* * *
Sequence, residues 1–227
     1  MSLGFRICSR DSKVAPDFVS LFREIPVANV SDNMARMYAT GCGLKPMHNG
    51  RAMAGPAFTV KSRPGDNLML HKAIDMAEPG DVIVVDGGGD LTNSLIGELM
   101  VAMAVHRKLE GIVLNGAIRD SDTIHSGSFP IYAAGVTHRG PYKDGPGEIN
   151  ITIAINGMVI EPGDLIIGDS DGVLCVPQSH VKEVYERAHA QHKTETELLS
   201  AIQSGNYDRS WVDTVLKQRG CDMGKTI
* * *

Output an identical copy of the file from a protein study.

Sequence, residues 1–227
     1  MSLGFRICSR DSKVAPDFVS LFREIPVANV SDNMARMYAT GCGLKPMHNG
    51  RAMAGPAFTV KSRPGDNLML HKAIDMAEPG DVIVVDGGGD LTNSLIGELM
   101  VAMAVHRKLE GIVLNGAIRD SDTIHSGSFP IYAAGVTHRG PYKDGPGEIN
   151  ITIAINGMVI EPGDLIIGDS DGVLCVPQSH VKEVYERAHA QHKTETELLS
   201  AIQSGNYDRS WVDTVLKQRG CDMGKTI